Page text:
Easier Said Than Done

In theory, to stop the USF offense entails stopping or containing Matt Grothe. But stopping the talented Bulls quarterback is easier said than done.

USF's junior quarterback has basically owned UCF in his first two meetings against the Knights, passing and running for a combined 687 yards. Grothe is human though and has struggled at times in his early collegiate career. In order for UCF to avenge last season's 64-12 loss to USF, finding a way to stop Grothe will be essential.

"He's definitely a good quarterback; we faced him for the last couple of years and have a lot of respect for him. We know that if you don't play to your ability that he can really hurt you," said UCF safety Sha'reff Rashad.

In last season's loss to USF, the Knights had a difficult time stopping Grothe through the air, as he slung the ball all over the field and in limited playing time he accumulated 212 passing yards and two touchdowns. Where Grothe has killed UCF in the past though is with his legs.

"I think he's a very good football player, makes really good decisions, has good control of what's going on out there. Really he's hurt us more on key downs running the ball than throwing it. He's thrown long touchdown passes, I know that, but I think on third and seven, third and six, Grothe hurts more teams with his feet a lot of times than with his arm," said Coach George O'Leary.

Grothe's ability to take off out of the pocket and pick up big first downs with his feet has hurt the Knights as well as other opponents in his first two seasons playing at USF. In fact, Grothe has accumulated over 1,200 rushing yards through his career and is known around the nation as a terrific dual-threat player.

"He's going to find a crease, I think you have to keep him in check, they go as he goes. When he has a good game, they are very, very difficult. When he's not on than like any other team, they are going to struggle. He's been on a lot of times for them and is a very good football player," added O'Leary.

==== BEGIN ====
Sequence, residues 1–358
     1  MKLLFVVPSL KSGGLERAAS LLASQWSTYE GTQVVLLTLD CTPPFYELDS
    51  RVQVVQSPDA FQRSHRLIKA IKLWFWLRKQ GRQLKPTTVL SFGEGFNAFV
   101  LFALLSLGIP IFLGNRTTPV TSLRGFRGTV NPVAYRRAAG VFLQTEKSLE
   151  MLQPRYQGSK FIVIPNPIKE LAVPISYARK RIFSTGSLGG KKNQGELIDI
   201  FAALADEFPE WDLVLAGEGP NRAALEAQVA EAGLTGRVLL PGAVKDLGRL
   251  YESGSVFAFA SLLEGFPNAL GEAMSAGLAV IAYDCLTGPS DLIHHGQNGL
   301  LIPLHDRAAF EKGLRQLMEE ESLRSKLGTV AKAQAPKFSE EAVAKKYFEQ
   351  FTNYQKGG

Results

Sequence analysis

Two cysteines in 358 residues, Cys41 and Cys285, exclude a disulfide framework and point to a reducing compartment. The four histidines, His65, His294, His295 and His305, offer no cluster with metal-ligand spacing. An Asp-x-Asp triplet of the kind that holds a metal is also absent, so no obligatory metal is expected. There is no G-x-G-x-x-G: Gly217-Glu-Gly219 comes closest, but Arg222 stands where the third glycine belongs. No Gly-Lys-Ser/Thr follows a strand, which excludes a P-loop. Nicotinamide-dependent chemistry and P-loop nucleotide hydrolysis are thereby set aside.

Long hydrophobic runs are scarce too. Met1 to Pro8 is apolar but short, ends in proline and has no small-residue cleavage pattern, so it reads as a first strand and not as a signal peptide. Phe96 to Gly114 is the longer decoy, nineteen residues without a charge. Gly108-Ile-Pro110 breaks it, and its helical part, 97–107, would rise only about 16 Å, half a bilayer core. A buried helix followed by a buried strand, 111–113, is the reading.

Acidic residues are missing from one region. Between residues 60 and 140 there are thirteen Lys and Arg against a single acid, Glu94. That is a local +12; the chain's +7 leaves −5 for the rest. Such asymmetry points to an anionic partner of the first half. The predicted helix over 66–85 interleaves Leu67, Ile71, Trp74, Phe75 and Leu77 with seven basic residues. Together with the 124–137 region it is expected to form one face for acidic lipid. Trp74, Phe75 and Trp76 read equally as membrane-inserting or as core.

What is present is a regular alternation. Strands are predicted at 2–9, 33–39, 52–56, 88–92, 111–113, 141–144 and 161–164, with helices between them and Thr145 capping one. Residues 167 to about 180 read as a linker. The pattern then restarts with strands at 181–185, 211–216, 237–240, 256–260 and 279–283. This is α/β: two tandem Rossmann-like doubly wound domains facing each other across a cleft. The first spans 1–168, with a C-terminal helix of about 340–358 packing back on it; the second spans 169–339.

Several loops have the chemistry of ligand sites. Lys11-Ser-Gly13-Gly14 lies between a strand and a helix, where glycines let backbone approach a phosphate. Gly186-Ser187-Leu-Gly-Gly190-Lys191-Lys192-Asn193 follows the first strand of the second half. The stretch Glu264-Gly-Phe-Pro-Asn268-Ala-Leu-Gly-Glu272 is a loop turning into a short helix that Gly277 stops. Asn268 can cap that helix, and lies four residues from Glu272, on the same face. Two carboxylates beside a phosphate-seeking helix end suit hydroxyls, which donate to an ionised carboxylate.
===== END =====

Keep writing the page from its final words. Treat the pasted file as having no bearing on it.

Taking both Grothe's arm and legs into account, UCF will try to devise a plan to slow Grothe down, something the team hasn't done the past two seasons.

"It's definitely tough on defenses when you have a quarterback that's mobile. One thing you have to teach during the week is making sure that you stay in position and stay with your keys because a lot of times you get in the heat of the game and try to over pursue or do something that's actually not your job on the defense. A play might break down and if you're not where you're supposed to be, a quarterback that's mobile like that will be able to run around and create problems for you," said Rashad.

How exactly do the Knights prevent Grothe and the Bulls from running up the scoreboard this year? USFNation's Josh Newberg insists that there is a way, although it isn't easy.

"You have to make Matt one-dimensional. Either don't let him beat you on the ground or don't let him do it through the air. Once he gets the passing game going, that's when you see him break-off 15-20 yard runs that demoralize opposing defenses. Just when they think they got him on a third and long, he has one of those highlight scrambles to move the chains."

O'Leary, who is on record as saying that he prefers to not blitz linebackers and would rather have the pocket collapse with a four-man rush, certainly understands what Newberg is saying.

Slowing down Grothe isn't impossible, as he has thrown 28 interceptions in his career. However, if the Knights want to defeat the Bulls, they must keep Grothe from opening up the field with his arm, as well as scrambling for big gains, something that is easier said than done.

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